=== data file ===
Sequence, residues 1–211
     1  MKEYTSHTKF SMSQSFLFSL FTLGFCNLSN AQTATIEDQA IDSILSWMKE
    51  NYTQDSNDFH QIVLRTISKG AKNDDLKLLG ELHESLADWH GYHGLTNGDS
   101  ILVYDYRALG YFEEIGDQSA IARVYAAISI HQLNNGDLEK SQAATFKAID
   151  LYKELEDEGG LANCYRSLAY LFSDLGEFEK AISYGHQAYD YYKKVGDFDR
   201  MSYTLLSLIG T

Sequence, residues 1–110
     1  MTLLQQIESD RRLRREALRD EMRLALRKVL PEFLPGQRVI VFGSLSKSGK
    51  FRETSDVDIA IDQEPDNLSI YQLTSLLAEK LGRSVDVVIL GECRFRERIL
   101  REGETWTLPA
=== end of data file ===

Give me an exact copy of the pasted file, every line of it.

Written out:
Sequence, residues 1–211
     1  MKEYTSHTKF SMSQSFLFSL FTLGFCNLSN AQTATIEDQA IDSILSWMKE
    51  NYTQDSNDFH QIVLRTISKG AKNDDLKLLG ELHESLADWH GYHGLTNGDS
   101  ILVYDYRALG YFEEIGDQSA IARVYAAISI HQLNNGDLEK SQAATFKAID
   151  LYKELEDEGG LANCYRSLAY LFSDLGEFEK AISYGHQAYD YYKKVGDFDR
   201  MSYTLLSLIG T

Sequence, residues 1–110
     1  MTLLQQIESD RRLRREALRD EMRLALRKVL PEFLPGQRVI VFGSLSKSGK
    51  FRETSDVDIA IDQEPDNLSI YQLTSLLAEK LGRSVDVVIL GECRFRERIL
   101  REGETWTLPA